In the midst of London’s housing crisis, a new report to the Planning and Environment Committee (PEC) is raising eyebrows.

City planners recommend council refuse a rezoning application by York Developments to permit a 22-storey, 214-unit, student-oriented residential building at the southeast corner of Ann and St. George Streets.

Among the reasons for the recommendation:

  • Doesn’t conform with The London Plan
  • Doesn’t Conform to the Official Plan (1989)
  • Isn’t consistent with the Provincial Policy Statement
  • Isn’t compatible with the surrounding neighborhood
  • Over-intensification based on density, building massing, lot coverage, open space
  • Doesn’t conserve existing cultural heritage of the Kent Brewery building

Proposed high-rise behind Richmond Row in London, Ont. (Courtesy: York Developments)

Neighbors who still oppose the plan say reducing the height from 28-storeys to 22-storeys fails to alleviate their concerns.

“It’s a complete disregard for the built structure and human structures that inhabit this community. This is a community,” says Ben Benedict, who lives nearby.

Anna Maria Valastro praises city staff for acknowledging the concerns of residents in the area west of Richmond Row.

“They looked at the development in relation to the neighbourhood. It’s over-intensification. It’s a brazen development,” Valastro says.

Ali Soufan, President of York Developments, says at the upcoming PEC meeting he’ll be, “looking for direction from council about whether they are advocating for organized intensification downtown.”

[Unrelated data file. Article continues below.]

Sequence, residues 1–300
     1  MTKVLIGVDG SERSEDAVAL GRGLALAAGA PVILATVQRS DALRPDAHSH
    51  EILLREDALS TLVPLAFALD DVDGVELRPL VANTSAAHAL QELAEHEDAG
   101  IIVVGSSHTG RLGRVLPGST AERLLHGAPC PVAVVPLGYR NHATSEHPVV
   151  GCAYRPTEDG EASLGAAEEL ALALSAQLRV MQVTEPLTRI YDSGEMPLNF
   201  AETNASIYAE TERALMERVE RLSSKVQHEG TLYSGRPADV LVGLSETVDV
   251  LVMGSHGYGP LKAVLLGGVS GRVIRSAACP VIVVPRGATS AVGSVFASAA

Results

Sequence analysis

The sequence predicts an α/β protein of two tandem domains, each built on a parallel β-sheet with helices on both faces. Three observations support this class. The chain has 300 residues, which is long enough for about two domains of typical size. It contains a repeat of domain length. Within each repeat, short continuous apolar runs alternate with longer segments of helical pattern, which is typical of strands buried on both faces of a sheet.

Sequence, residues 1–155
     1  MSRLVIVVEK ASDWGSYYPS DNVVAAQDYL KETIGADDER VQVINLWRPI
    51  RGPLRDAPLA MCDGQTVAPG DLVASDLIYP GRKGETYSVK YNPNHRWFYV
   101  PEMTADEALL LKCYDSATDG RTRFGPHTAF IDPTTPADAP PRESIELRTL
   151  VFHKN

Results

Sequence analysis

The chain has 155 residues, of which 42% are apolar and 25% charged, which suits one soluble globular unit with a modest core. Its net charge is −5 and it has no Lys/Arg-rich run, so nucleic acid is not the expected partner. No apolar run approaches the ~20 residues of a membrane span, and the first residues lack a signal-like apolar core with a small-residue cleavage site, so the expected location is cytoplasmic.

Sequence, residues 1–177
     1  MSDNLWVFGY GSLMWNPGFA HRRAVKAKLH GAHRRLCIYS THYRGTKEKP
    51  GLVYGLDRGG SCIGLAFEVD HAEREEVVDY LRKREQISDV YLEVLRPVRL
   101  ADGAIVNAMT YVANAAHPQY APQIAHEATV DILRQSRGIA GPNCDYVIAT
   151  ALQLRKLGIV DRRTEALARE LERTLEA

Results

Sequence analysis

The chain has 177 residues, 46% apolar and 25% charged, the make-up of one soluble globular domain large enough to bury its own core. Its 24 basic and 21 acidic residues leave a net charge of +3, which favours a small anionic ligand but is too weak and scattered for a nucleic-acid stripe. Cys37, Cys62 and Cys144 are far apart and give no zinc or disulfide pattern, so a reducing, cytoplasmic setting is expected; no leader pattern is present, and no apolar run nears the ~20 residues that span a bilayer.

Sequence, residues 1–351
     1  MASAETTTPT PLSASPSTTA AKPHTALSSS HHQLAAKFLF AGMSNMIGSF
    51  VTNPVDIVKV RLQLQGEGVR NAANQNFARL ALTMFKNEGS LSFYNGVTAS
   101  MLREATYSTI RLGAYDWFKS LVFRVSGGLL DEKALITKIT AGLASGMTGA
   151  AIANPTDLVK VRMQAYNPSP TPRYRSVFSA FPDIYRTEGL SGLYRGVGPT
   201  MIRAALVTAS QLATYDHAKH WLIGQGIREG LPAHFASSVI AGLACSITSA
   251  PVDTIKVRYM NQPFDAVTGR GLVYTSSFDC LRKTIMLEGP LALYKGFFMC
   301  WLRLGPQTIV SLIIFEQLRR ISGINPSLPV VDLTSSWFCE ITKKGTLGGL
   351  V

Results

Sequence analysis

Proposed high-rise behind Richmond Row in London, Ont. (Courtesy: York Developments)

In a letter to the committee he disagrees with the staff recommendation to refuse the zoning changes.

He emphasizes that five per cent of the units will be affordable housing at 85 per cent market rent, a new location is being sought to move the historic Kent Brewery buildings, and a new craft brewery on the main floor will continue the brewing legacy on the if you.

A final decision on the application will be made by the city council in May.

Coun. John Fyfe-Millar, who represents the area, is surprised that a compromise couldn’t be reached between the developer and planning department.

“After two years, we should have been able to come up with something more than just a no,” he says. “It’s almost like they’ve come to loggerheads.”

Proposed high-rise behind Richmond Row in London, Ont. (Courtesy: York Developments)

Although three high-rise towers about the site from Richmond Row and Mill Street, according to The London Plan the property belongs to a ‘Neighbourhood Place Type’ so height and density limits take into consideration the two-storey and three-storey homes to the west.

Neighbors say they support appropriate development as determined by The London Plan.

“The London Plan is about building a livable green city,” Valastro explains. “That’s why people were so proud of The London Plan.”

Coun. Fyfe-Millar believes there may still be room for compromise.

“Part of what we hear in the downtown is an inward and upward message, and I think getting that right is paramount here.”

Councilors on the Planning and Environment Committee will consider the application at a meeting on Monday.


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